a calculated increased chance of breast cancer, another
reason for undergoing a reconstruction after subcutaneous
mastectomy or skin sparing mastectomy as mentioned, is that doctors
may be unable to adequately 'follow' breast masses. Cancer,
in its early stages may be present, but undetected in
Other reasons to decide to go ahead with surgery
is because of chronic pain, infections, or the need for repeated
biopsies associated with deformity of the breast.
While this operation is controversial, only a few physicians
would not recommend this operation for a woman whose mother
and maternal grandmother had pre-menopausal carcinoma
of the breast, and who has had one breast already removed
for cancer of the breast or who has lumps in the opposite
breast that are difficult to 'follow', or whose mammograms
shows suspicious microcalcification. If a genetic marker is detected
then indications for surgery are great.
Before going ahead with surgery, IT IS THE INDIVIDUAL'S
JOB to have it perfectly clear why removal of breast tissue
All risks and complications must be considered. This
is an operation that has been done many times and successfully
so. In most cases this type of surgery is done on breasts
that are FREE of cancer or have MINIMAL OR NONINVASIVE
CIRCUMSTANCES THAT INCREASE THE RISK FOR BREAST CANCER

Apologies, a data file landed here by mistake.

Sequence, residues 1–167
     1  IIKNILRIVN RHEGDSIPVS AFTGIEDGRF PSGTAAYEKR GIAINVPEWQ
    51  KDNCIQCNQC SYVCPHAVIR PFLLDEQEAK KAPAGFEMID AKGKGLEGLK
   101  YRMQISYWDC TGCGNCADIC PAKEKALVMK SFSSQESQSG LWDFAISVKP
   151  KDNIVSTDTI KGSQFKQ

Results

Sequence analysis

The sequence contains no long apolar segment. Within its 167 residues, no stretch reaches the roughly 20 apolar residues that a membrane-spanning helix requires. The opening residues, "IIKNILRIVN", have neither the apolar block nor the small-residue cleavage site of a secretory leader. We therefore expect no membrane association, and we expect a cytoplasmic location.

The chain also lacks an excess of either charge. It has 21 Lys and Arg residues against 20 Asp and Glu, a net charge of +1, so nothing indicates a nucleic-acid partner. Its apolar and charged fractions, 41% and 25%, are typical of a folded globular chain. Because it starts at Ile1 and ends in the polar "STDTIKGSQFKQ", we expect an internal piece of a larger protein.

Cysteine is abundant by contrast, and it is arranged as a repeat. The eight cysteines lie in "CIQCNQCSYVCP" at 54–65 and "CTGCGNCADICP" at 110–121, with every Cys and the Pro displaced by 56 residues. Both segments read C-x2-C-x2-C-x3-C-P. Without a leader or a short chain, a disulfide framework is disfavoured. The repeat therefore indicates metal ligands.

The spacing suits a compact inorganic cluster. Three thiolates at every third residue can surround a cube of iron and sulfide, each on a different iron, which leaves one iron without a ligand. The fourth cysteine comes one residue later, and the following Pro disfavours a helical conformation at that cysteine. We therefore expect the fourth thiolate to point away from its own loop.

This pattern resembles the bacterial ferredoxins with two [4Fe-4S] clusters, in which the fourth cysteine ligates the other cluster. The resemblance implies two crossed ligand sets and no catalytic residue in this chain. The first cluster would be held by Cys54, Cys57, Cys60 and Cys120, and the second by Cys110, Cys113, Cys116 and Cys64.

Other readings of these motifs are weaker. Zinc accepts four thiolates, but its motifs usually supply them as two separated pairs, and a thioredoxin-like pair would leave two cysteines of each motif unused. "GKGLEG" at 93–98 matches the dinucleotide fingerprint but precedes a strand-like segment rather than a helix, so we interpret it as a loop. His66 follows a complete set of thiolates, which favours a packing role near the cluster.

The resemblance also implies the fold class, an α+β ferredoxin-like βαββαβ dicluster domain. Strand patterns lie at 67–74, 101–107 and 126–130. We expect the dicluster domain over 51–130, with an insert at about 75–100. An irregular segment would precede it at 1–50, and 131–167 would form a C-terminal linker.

All percentages are estimates and may be revised from
time to time
.Pre-menopausal breast cancer in % increase risk
..genetic cancer marker------------------65-95%
..carcinoma in situ--------------------------25-50%
..cancer in one breast----------------------20-25%
..other "pre-cancerous" conditions-------5-15%
IN THE EVENT A DECISION IS MADE TO GO AHEAD WITH SURGERY
Information - Consultation
SUBCUTANEOUS MASTECTOMY requires understanding before
surgery. If you have questions, you must ask them. Do not request and consent to surgery unless
you understand the benefits versus the risks of surgery.
This information is provided for
your general information. How such information exactly
applies to an individual would depend on a face to face
history, examination, perhaps laboratory exams and individual
treatment plan. Further, because of the nature of electronic
media and information - there is no doctor-patient relationship
but merely a general information display - THANK YOU.